The George Brothers and the Rise of the Florida Pill Mill
By August 25, 2011, the George twins, Chris and Jeff, had amassed $40 million in cash – and probably more (it’s believed that they were able to hide their total earnings – perhaps in Belize – before authorities finally took them down), high-end cars, mansions, oh, and the deaths of 56 people who had overdosed on the powerful painkillers that they had been in the business of doling out, hand over fist. All of this in the course of two years.
How It All Started
The Georges got the idea of going into the pain clinic business from a fellow criminal and mentor known as “the Candy Man.” Back in 2007, it was this unnamed physician who told the twins, two bad-boy rich kids that, to make a fortune, they should open a pain clinic.
“The Candy Man,” nicknamed by authorities for his large volume of pill prescriptions, is responsible for launching the brothers, 27 at the time, to the top of a pill mill empire that raked in $40 million in two years in Broward and Palm Beach counties, according to officials.
The Wellington entrepreneurs formulated what was to become their bread-and-butter formula that also quickly inspired others to follow suit. Their pill mill blueprint that others copied would turn South Florida into ground zero of the narcotic prescription drugs black market, prosecutors said.
The Georges insisted on accepting cash and credit only in order to avoid state regulation of clinics that accept insurance. They catered to drug dealers from Kentucky and other states with high rates of painkiller abuse. Their customers could walk away with hundreds of pills a month. And they paid their doctors on staff for each patient seen as a way to motivate them; the doctors spent no more than a few minutes with each customer before writing prescriptions.
The George brothers also “kept it in the family” – hiring only friends and family when it came to staffing their pain clinics. As for the doctors? They were hired through Craig’s List ads.
Chris George was secretly recorded telling one of his managers that he had hired Jupiter physician Augusto Lizarazo, 70, despite his heavy accent and lack of experience with prescribing pain pills.
“You know what, people don’t care as long as he’s writing the scripts,” Chris George said.
Fraud Goes Deeper
Officials said that the Georges were careful to control the operation from top to bottom. For example they set up one of their steroid telemarketers in a mobile MRI business that operated behind a strip club. That aspect of the operation netted $2 million.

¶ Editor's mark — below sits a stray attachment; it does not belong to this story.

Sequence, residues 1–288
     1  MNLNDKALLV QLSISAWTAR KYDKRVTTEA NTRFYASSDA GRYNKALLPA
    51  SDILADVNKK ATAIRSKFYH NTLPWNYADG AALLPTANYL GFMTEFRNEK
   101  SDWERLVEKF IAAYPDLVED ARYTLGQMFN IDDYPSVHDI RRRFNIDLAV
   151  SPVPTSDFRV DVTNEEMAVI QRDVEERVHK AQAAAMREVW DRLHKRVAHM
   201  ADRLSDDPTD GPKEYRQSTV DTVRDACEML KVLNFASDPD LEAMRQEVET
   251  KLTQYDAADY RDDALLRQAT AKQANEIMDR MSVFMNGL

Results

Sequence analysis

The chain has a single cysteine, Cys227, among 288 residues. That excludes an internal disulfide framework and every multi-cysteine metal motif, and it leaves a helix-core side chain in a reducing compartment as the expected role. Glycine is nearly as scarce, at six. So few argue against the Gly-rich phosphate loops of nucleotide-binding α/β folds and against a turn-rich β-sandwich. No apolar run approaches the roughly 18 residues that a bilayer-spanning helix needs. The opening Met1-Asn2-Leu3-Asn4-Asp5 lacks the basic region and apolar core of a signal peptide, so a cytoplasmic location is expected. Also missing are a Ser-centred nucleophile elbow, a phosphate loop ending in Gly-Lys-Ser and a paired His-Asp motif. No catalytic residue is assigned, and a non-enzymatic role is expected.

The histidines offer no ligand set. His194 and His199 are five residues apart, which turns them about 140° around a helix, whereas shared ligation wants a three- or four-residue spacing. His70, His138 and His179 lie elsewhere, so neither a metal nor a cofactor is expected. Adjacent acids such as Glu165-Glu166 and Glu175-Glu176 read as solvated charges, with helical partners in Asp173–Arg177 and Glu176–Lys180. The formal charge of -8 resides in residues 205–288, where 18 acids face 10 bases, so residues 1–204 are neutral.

They expanded their business model to control how and where the prescriptions their doctors were writing. Chris George financed two of their clinic staffers to start pharmacies in Boca Raton and Orlando to disguise the volume of pills being sold. The sale of the pain pills also financed two phony time-share companies that swindled another $4.7 million from their victims.
The George Brothers: Thug Businessmen
For one thing, they threatened the operators of other pain management clinics. They also ordered their staffers to vandalize the buildings and cars of their competitors and others who opposed them.
Once, the thug twins and their aides kidnapped and handcuffed a man whom they believed had stolen $50,000 from them. The man was thrown to the ground and Jeff George fired a bullet next to his head to intimidate him.
What It Translated To
“They were swimming in money. Obscene.” said one federal official.
By the time police and federal agents shut down their four clinics in March 2010, the brothers had sold 20 million pain pills.
Each of their four clinics made up to $50,000 a day. Their employees carried the receipts to the bank in garbage bags. Their mother – who worked for and was arrested with her sons – kept about $4.5 million of their spare cash in two safes in the attic of her house.
And while desperate opiate addicts were scraping together money to buy their scripts, the George brothers enjoyed six-bedroom houses, four-figure Rolex watches, a shopping plaza, high-end boats and fast cars.
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